El Debarge: “I Got My Willpower Back…”
Veteran R&B crooner, El DeBarge from the multi-talented DeBarge family led a string of mid-1980s Motown hits that included I Like It, Time Will Reveal and Rhythm of the Night. He also had solo hits, including Who’s Johnny, Real Love and Love Always, and joined with Barry White, Al B. Sure and James Ingram on Quincy Jones’s classic ballad The Secret Garden. But the hits stopped coming when DeBarge’s drug use took hold of him.
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DeBarge spent 13 months in a California prison on drug charges before his release in January 2009. His incarceration helped him end a two-decade addiction to heroin and crack.
“God saw fit to sit me down,” DeBarge says. “It was an answer to my prayers. I didn’t want to go to prison, and I don’t recommend it, but while I was there, I got my willpower back. And it put me back in touch with myself and my faith in God.”
When DeBarge got out, Pete Farmer, a veteran music executive who is now his manager, helped him get his life together and back into the studio. It was Farmer who persuaded Geffen chairman Ron Fair to take a chance on DeBarge. “They had put together an unbelievable group of songs, and I realized this was not an oldies-retread thing,” says Fair, who with Farmer is co-executive producer of Second Chance. “This guy’s new music is incredibly vital and powerful.”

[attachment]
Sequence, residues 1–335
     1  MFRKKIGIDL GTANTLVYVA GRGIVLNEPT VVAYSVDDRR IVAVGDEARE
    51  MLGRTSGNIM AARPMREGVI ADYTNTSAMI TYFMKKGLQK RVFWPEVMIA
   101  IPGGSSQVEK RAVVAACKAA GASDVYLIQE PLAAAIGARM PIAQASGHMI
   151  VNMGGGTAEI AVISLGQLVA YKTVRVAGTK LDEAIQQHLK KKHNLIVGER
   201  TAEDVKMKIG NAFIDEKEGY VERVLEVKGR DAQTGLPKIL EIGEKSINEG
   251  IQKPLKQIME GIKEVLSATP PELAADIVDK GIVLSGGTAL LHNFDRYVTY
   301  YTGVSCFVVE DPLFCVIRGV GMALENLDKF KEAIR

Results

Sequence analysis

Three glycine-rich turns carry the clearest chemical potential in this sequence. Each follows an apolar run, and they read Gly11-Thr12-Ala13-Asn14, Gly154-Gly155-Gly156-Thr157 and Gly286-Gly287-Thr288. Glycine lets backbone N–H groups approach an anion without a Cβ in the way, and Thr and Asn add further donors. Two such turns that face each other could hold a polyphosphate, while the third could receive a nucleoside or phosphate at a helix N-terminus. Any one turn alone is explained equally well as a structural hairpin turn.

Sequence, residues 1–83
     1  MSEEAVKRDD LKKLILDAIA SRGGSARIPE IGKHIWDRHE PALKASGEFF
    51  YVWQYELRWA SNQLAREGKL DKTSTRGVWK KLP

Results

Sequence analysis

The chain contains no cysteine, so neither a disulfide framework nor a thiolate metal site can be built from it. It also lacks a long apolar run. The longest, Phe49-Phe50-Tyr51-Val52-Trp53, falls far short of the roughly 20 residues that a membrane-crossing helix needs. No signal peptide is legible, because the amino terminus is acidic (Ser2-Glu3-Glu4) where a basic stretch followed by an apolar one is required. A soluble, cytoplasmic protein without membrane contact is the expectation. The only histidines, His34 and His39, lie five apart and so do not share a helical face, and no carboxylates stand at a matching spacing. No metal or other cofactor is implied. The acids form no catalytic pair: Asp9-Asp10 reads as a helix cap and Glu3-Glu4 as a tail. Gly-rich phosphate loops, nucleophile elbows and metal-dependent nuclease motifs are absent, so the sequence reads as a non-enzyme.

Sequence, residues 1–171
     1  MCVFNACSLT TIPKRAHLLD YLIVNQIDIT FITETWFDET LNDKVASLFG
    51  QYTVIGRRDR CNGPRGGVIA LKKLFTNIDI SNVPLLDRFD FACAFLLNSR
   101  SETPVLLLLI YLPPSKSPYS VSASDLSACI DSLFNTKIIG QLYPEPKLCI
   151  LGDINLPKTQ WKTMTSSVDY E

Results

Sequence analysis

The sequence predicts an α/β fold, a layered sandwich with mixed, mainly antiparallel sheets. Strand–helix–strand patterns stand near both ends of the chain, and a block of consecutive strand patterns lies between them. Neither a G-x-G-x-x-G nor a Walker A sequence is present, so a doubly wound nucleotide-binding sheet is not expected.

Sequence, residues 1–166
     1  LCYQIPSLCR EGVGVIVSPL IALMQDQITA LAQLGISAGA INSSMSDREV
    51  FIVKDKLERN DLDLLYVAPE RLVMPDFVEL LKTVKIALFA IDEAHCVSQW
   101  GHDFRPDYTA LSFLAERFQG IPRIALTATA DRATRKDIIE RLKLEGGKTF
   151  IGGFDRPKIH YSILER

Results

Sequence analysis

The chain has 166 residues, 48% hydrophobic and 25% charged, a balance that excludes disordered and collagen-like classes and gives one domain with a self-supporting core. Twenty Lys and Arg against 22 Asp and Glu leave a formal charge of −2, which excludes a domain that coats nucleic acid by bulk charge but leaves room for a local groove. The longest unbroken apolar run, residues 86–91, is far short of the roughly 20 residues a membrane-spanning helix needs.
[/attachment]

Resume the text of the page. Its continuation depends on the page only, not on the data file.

The title track on Second Chance speaks to his redemption, while a second single, Joyful, reflects his “being joyful about life again, dealing with the everyday struggles with a sober mind.”
DeBarge says he has talked with his siblings about a reunion album, but nothing has panned out yet. He is proud that niece Kristinia DeBarge (James’ 20-year-old daughter) carried on the family business with her debut album, Exposed, last year. Two older brothers, Tommy and the late Bobby, led the ’70s Motown band Switch, and younger brother Chico also has a solo career. More important, the family’s support has helped him in his recovery.
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“Maintaining my sobriety is really not a problem because I didn’t want to be on drugs anyway,” he says. “I picked up a crack pipe when I was 25 years old because I wanted to try it, and it took me 22 years to un-try it. But it’s a wrap now. I lost all that time with a pipe in my mouth. Now it’s a mike to my mouth.”